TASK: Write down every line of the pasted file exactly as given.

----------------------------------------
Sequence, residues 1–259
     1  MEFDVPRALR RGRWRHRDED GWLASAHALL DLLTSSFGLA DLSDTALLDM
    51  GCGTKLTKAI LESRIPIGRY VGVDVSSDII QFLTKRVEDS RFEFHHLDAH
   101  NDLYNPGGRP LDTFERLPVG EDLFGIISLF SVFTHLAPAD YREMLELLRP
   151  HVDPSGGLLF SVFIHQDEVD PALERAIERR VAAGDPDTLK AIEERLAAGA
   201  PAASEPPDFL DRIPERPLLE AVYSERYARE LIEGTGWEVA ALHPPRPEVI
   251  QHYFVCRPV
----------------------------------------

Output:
Sequence, residues 1–259
     1  MEFDVPRALR RGRWRHRDED GWLASAHALL DLLTSSFGLA DLSDTALLDM
    51  GCGTKLTKAI LESRIPIGRY VGVDVSSDII QFLTKRVEDS RFEFHHLDAH
   101  NDLYNPGGRP LDTFERLPVG EDLFGIISLF SVFTHLAPAD YREMLELLRP
   151  HVDPSGGLLF SVFIHQDEVD PALERAIERR VAAGDPDTLK AIEERLAAGA
   201  PAASEPPDFL DRIPERPLLE AVYSERYARE LIEGTGWEVA ALHPPRPEVI
   251  QHYFVCRPV